I.V.’s review published on Letterboxd:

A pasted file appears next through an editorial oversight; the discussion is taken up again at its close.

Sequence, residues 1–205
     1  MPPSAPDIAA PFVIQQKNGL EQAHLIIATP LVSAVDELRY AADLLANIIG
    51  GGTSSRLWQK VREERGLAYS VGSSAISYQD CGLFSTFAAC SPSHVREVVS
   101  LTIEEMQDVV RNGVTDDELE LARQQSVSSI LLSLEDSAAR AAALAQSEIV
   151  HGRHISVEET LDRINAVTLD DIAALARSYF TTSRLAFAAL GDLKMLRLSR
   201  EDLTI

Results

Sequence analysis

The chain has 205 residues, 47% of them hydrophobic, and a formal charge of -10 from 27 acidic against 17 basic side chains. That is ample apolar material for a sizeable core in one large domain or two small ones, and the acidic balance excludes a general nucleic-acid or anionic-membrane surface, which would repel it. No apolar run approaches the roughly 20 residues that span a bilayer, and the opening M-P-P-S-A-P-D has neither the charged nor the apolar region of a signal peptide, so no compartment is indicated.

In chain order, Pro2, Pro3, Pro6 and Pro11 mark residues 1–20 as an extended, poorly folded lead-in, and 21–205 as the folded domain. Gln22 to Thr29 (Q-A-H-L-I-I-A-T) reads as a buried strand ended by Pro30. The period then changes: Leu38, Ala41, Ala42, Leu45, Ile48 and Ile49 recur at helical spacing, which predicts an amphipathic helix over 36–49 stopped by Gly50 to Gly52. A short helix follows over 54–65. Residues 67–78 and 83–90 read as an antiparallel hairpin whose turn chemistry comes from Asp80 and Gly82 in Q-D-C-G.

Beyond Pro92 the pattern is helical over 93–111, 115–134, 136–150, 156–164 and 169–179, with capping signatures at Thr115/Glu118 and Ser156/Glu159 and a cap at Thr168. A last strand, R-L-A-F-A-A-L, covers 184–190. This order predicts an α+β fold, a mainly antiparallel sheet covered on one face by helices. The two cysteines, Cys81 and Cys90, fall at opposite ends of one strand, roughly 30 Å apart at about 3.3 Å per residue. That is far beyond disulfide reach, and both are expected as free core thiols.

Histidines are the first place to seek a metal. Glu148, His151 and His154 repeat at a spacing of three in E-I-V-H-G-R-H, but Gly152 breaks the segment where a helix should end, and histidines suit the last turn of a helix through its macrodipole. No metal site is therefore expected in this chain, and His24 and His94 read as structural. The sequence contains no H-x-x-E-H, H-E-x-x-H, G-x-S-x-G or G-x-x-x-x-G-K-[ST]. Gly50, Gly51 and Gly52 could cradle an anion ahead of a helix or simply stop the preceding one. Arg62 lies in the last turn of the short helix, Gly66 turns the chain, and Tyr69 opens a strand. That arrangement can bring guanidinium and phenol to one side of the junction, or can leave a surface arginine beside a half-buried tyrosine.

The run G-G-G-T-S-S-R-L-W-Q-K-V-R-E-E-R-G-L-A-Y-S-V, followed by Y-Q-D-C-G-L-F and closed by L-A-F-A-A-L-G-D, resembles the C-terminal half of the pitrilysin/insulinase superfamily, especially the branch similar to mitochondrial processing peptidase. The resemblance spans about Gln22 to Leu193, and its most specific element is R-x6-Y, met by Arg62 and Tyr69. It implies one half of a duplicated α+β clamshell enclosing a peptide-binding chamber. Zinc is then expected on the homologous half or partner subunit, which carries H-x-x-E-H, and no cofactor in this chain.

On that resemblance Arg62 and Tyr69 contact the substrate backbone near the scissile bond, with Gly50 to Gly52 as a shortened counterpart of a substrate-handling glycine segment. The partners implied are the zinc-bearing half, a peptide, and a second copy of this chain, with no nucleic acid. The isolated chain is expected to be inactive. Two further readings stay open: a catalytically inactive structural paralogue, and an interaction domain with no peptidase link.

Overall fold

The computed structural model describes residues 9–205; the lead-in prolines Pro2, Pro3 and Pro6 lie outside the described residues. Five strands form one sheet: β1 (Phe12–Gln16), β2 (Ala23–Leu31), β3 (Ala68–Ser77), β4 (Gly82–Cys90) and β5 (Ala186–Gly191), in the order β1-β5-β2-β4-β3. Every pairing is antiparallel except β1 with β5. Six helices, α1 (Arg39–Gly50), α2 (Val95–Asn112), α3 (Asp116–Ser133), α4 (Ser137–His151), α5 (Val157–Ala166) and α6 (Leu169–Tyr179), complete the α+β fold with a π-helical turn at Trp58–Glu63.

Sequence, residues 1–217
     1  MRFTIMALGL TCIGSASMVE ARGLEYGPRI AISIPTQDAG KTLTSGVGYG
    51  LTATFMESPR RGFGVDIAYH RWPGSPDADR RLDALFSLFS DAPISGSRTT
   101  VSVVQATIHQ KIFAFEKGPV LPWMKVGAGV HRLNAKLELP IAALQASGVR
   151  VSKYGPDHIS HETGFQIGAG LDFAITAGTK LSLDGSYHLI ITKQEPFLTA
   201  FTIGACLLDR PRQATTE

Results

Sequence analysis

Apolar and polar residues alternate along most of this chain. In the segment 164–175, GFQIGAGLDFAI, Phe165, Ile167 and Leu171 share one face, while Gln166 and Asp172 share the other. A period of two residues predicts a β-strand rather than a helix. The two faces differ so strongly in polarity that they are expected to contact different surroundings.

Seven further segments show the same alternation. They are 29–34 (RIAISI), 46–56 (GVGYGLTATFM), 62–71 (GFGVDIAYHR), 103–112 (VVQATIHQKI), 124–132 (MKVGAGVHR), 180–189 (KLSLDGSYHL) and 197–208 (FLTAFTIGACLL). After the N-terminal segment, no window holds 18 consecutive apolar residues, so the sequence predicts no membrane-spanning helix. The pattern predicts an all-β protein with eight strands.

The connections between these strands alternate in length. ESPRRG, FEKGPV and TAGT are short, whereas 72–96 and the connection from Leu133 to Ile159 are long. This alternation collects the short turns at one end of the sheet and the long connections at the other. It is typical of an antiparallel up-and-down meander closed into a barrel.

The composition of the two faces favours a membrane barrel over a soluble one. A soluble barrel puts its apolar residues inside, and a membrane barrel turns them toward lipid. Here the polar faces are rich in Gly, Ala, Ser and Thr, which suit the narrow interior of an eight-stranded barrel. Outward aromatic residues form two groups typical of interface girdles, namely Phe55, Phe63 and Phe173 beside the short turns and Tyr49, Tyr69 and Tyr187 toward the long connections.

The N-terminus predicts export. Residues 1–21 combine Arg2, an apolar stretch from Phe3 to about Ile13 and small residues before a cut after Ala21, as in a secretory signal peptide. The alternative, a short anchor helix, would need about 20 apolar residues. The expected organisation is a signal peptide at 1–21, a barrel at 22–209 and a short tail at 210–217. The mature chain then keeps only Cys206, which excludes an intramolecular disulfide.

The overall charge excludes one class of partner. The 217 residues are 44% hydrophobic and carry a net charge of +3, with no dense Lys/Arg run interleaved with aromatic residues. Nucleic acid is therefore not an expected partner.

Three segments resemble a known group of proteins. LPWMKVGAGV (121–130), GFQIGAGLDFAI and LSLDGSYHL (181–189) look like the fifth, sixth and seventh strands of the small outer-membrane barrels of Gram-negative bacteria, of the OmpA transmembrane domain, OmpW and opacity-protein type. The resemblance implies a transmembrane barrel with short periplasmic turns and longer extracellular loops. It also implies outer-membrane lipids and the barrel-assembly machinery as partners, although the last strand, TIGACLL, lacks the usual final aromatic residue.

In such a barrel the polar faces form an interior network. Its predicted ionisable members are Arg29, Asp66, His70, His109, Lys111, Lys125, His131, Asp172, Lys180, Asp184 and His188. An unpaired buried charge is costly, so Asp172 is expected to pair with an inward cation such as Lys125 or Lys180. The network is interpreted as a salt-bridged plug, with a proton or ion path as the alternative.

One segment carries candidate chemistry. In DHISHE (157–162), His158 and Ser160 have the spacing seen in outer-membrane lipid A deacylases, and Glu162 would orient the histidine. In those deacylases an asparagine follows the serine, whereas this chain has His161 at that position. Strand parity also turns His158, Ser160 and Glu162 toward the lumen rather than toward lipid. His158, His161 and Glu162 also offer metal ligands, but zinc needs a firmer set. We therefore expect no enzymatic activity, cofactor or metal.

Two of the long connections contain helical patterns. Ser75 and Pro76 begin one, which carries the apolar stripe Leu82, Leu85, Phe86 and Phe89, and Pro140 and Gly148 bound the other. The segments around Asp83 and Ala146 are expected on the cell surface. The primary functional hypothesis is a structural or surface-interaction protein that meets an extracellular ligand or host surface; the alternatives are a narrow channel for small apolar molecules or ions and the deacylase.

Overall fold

Set the template for the rest of Michael Mann’s career by balancing abstraction, archetype, and technical realism. The depiction of crime and criminality is at once strikingly deglamorized and extremely stylized; the opening stretch is a triumph of post-noir form, parts of the middle feel like a fairytale, and the climactic vault break-in looks like science fiction, but this is still a film that owes a lot to the preceding decade’s downbeat character studies and macho tragedies. (This is the only Mann where one can detect the influence of Peckinpah.) All movies about debts and codes become existential allegories at a certain point, and here we’ve also got syndicates, lone operators, surfaces, the false promise of middle-class stability. There is probably a lot of Mann in Frank. Who knows how many times I’ve seen this, but it still sucks me in.